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How do you make whisky?

How we distil our spirit at The Borders Distillery

Pure, Natural Ingredients

Single Malt Scotch Whisky is produced from only 3 natural ingredients: Malted Barley, water, and yeast.

Here at the Borders Distillery we use locally-grown barley, all harvested from 11 farms lying within 30 miles of the distillery.

The distillery draws its water from an underground lake beneath the site. The lake’s water takes between 50 and 70 years to filter down from the hills through the rock. Even if it never rained again (unlikely in the Borders!) the lake contains enough pure water to last the distillery the next 185,000 years.

Milling & Mashing

For each batch of spirit we mill five metric tonnes of Malt Barley, crushing the Malt to create a mix of husk, grist, and flour. The milled Malt goes into a large aluminium vessel called the Mash Tun, and hot water is added. The resulting sugary mixture is called Wort.

The Wort remains in the Mash Tun, heated and stirred, for around 5 hours. Once we’re sure all the sugar has been released from the Malt, the liquid is transferred to another large vessel called the Washback. After Mashing, the leftover Malt is called Draff and is sometimes sold for animal feed. However, at the Borders Distillery we send our Draff to an anaerobic digestion plant where the organic material is used to generate green electricity.


In the Washback, yeast is added to the Wort to start Fermentation. The yeast feeds on the sugars in the Wort, producing alcohol and creating some initial flavours. Washback size and materials, yeast type, and length of fermentation can all affect these flavours. Here at the Borders Distillery we use Pinnacle-M yeast, and a typical Fermentation lasts around 80 hours.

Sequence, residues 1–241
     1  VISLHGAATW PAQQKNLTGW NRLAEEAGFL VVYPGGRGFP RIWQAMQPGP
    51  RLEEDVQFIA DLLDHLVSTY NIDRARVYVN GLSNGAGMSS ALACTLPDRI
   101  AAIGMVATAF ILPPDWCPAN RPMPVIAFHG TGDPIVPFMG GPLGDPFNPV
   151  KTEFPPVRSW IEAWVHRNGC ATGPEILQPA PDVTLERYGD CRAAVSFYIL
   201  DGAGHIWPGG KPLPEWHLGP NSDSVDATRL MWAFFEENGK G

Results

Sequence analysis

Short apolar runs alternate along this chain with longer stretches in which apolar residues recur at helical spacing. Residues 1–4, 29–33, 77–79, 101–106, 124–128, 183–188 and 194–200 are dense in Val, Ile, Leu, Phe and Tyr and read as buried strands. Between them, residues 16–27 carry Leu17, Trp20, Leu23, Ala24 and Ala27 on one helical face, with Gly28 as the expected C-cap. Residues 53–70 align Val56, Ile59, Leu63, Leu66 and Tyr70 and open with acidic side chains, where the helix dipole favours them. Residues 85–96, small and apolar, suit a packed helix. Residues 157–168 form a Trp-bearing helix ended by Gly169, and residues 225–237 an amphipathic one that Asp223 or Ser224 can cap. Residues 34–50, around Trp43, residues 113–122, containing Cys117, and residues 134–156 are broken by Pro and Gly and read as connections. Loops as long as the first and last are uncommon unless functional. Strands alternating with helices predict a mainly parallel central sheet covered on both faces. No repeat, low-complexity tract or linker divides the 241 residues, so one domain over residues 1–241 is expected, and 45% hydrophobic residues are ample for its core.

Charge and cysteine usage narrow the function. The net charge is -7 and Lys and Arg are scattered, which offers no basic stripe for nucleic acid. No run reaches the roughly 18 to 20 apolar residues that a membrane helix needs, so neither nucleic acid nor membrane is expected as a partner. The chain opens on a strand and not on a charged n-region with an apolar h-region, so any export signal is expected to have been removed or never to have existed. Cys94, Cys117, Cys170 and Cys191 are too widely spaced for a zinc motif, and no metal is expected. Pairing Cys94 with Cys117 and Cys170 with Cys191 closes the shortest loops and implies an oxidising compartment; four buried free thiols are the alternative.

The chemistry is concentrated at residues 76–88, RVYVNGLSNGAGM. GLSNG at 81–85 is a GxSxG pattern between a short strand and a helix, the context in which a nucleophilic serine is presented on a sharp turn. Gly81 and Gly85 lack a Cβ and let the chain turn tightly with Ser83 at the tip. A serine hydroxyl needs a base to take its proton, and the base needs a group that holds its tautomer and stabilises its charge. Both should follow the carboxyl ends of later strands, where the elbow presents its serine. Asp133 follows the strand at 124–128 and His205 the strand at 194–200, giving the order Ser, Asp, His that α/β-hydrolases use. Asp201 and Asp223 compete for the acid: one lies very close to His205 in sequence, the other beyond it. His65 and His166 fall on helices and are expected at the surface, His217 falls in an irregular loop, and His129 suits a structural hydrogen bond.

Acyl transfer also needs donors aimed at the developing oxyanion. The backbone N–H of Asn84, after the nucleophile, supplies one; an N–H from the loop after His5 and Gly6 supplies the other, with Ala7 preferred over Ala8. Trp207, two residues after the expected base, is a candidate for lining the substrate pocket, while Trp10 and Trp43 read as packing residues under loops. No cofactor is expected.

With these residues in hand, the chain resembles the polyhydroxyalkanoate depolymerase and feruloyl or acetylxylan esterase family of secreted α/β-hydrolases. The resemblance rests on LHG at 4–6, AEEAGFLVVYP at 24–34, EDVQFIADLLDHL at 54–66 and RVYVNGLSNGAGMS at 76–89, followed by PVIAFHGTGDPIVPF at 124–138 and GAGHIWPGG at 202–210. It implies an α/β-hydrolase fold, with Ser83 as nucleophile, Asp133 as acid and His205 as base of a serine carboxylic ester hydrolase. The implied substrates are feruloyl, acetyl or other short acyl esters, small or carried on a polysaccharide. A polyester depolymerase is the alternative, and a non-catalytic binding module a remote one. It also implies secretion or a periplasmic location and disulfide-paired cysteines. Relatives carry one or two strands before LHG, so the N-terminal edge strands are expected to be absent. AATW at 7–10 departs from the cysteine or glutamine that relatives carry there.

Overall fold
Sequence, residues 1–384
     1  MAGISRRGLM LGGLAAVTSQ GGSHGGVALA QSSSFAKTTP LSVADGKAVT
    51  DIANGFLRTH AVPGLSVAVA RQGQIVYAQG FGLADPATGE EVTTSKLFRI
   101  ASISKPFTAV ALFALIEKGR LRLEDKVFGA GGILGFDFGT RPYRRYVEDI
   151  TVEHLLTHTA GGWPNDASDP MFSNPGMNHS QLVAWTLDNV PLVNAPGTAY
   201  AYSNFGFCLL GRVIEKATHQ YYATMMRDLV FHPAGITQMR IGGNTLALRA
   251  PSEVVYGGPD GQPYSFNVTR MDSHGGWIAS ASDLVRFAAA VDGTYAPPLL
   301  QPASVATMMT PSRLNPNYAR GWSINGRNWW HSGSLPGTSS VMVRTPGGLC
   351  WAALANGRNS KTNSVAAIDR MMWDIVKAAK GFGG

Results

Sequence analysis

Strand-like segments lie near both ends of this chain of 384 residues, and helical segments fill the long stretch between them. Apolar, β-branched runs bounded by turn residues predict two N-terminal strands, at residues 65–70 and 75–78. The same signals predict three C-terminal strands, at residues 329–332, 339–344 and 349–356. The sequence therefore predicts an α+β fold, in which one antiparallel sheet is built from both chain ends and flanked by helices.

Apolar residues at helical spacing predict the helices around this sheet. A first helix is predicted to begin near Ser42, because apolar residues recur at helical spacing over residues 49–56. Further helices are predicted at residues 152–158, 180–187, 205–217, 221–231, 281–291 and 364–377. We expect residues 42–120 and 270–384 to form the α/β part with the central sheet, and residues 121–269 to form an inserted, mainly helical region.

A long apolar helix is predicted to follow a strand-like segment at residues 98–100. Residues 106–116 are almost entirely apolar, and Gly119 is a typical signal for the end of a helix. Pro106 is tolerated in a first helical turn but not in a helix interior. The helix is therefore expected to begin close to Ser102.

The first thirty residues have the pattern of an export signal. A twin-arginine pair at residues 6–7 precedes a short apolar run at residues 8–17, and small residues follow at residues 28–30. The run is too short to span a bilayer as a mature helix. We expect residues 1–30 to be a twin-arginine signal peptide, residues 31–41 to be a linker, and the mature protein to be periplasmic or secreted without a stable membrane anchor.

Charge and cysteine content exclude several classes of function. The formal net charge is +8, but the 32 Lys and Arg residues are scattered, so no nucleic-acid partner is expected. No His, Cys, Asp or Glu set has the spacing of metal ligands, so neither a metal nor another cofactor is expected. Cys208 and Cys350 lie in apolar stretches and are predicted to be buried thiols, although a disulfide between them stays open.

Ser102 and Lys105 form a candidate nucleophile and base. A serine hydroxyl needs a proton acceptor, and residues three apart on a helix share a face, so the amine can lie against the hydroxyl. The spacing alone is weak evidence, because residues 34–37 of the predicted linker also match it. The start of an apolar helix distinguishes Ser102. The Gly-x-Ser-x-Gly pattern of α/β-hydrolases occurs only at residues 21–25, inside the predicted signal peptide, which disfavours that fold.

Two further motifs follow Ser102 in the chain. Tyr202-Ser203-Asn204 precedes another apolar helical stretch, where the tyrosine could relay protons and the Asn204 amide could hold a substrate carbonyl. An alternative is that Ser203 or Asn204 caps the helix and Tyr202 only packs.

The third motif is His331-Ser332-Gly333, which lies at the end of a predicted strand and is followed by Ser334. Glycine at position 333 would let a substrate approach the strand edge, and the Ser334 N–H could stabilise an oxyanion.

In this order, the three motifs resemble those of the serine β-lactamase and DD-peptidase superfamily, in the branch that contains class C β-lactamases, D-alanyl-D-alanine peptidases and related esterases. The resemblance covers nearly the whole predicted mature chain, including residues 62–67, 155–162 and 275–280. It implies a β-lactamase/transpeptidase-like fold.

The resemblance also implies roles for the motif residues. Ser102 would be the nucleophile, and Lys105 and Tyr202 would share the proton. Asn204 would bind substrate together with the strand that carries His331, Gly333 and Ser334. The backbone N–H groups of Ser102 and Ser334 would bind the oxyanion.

After Fermentation, the liquid is now alcoholic, around 8% ABV in strength, and is referred to as Wash. It is now transferred to the Wash Still to begin the process of distillation.

Distillation – the Wash Still

In the Wash Still, the Wash is heated and copper begins to work its magic. Alcohol evaporates before water so the spirit vapours rise and condense against the copper, removing impurities and unwanted flavour elements. Over time, the distillation sees the vapours reach the top of the still where they are collected in the Lyne Arm and run into a Condenser to turn back into a liquid.

After the first stage of distillation, the liquid is referred to as Low Wine, and its alcohol content has been concentrated to around 24% ABV.

Distillation – the Spirit Still

In the Spirit Still, the Low Wine is heated, and once again undergoes a process of purification, seeing further concentration of alcohol strength and desirable flavours. As the liquid spirit emerges from the Condenser, the distillers pay careful attention to its characteristics. The first liquid off the still is referred to as the Heads – it contains unwanted flavour elements and is collected to be redistilled later. The tail end of the distillation is called Feints and is treated the same.

Between the Heads and Feints lies the Heart – the perfect balance of alcohol concentration and desirable flavour elements. The Heart is collected in the Spirit Safe and its characteristics carefully noted. It is now what we call New Make Spirit and is around 71% ABV.

Maturing into Whisky

The New Make Spirit now begins the slow process of maturation. It is transferred into oak barrels where it will mellow over time and take on new nuances of flavour depending on the type, age, shape, and storage conditions of the barrel. Over the years, each barrel is assessed regularly to see how the spirit is developing and to understand when it might be ready for bottling.

New Make Spirit must be matured in Scotland, in oak barrels, for a minimum of 3 years and 1 day before it is allowed to be called Scotch Whisky.

Making Scotch Whisky is a long painstaking process – a wonderful combination of nature, art, and science. At the Borders Distillery we started down our distilling journey in 2018. We’re looking forward to sharing our Single Malt with the world as soon as we believe it’s ready.

In the meantime, why not come and visit us, and see this amazing process for yourself?

Book a tour